Leave It Be — Let’s Go: Selfies from the Smartphones on Shop Displays
May 2018 saw the introduction of the General Data Protection Regulation that limited persons’ and business entities’ right to store EU citizens’ personal data without their consent. The Regulation is also compulsory for people in non-EU countries if their work involves accessing the Europeans’ personal data.
Sensitive data — including ethnicity, sexual orientation, health condition, criminal record, political convictions, as well as genetic and biometric data — are subject to special protection.
A photographer and documentary filmmaker, he made a debut last year with his first feature film — The Diviners.
— This photo series emerged from the contradiction between their authors’ wish to remain in the memory of a smartphone on the shop display and the realization that those photos are bound to end up in the digital trash bin.
I got the idea in the summer of 2017. I was about to photograph preparations for the Independence Day parade on Khreshchatyk Street, when it started raining, and I had to take shelter in a mobile device retailer’s outlet. Waiting through the rain, I started fiddling with smartphones on displays and swiping through photo galleries to see what was there. While at it, I downloaded a few of the photos I saw there via Bluetooth.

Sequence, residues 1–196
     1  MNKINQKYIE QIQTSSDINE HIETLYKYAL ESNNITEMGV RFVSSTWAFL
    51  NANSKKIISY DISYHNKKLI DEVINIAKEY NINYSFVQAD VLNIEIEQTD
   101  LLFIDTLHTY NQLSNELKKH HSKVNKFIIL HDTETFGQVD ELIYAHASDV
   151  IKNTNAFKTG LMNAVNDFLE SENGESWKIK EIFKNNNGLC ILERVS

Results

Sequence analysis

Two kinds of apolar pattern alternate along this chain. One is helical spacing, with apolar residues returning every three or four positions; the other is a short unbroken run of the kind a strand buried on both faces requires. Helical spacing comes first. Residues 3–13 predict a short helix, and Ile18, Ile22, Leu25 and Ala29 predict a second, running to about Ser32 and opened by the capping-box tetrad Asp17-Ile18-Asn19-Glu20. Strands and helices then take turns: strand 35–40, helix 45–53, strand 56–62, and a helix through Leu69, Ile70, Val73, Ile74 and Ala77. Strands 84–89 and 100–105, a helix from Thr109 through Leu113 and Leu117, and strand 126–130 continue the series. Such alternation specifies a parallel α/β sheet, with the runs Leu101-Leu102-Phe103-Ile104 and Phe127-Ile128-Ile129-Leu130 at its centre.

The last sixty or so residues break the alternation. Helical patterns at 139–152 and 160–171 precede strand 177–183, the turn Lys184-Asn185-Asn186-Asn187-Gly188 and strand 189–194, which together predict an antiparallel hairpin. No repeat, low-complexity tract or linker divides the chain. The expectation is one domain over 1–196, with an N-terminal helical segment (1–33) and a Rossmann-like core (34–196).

Over the past three years, I have accumulated 6,000 photos from Kyiv, Cherkasy, Lysychansk, Odesa, Chernivtsi, Uzhhorod, and Lviv. The shop assistants were cool with that — they let me do whatever I wanted with the pics. Those images are legally owned by nobody and can be considered public. Usually, people take those selfies to check out the quality of the smartphone’s front camera without a second thought about what would happen to the photos.
Over the past three years, I have accumulated 6,000 photos.
With this project, I aim to blur the line between privacy and publicity. Putting personal data protection in an absurd light, I wanted the viewers to realize how unprotected their personal data can be with reference to the recently-adopted GDPR while remaining within the scope of the law.